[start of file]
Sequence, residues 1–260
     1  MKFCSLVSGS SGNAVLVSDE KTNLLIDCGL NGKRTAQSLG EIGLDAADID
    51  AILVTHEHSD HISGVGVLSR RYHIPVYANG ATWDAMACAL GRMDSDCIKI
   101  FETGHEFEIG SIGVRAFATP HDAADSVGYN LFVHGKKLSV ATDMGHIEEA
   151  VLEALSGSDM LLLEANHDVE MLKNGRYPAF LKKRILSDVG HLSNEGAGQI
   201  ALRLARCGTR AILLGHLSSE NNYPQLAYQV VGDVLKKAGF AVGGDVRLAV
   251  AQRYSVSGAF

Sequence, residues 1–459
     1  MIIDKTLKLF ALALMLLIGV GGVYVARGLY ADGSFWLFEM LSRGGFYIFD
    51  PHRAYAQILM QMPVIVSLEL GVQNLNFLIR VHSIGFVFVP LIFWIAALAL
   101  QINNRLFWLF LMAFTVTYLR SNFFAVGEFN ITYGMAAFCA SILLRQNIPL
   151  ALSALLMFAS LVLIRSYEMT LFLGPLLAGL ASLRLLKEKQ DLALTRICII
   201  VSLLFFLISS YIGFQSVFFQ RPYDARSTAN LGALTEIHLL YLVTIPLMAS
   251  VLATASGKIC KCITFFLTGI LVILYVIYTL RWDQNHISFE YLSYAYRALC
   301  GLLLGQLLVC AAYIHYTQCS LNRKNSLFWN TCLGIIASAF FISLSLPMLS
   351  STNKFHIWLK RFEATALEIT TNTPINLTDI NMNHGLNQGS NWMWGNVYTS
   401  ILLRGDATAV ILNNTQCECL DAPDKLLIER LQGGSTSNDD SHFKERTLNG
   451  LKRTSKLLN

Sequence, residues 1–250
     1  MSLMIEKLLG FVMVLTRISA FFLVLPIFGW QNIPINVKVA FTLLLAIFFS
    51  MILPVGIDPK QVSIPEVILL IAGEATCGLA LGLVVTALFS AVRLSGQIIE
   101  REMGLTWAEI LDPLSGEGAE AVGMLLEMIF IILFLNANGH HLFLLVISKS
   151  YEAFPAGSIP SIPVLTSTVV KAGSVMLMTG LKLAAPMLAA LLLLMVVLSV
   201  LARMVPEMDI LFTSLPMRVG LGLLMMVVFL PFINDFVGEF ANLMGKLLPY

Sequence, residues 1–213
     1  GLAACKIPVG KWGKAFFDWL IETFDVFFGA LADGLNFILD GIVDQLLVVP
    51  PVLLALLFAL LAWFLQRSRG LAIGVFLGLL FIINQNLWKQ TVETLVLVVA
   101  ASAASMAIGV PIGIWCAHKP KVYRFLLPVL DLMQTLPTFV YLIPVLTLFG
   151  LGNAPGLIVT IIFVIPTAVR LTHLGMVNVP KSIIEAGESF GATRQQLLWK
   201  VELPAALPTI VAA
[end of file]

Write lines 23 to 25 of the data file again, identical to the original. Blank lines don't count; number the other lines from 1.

   151  YEAFPAGSIP SIPVLTSTVV KAGSVMLMTG LKLAAPMLAA LLLLMVVLSV
   201  LARMVPEMDI LFTSLPMRVG LGLLMMVVFL PFINDFVGEF ANLMGKLLPY

Sequence, residues 1–213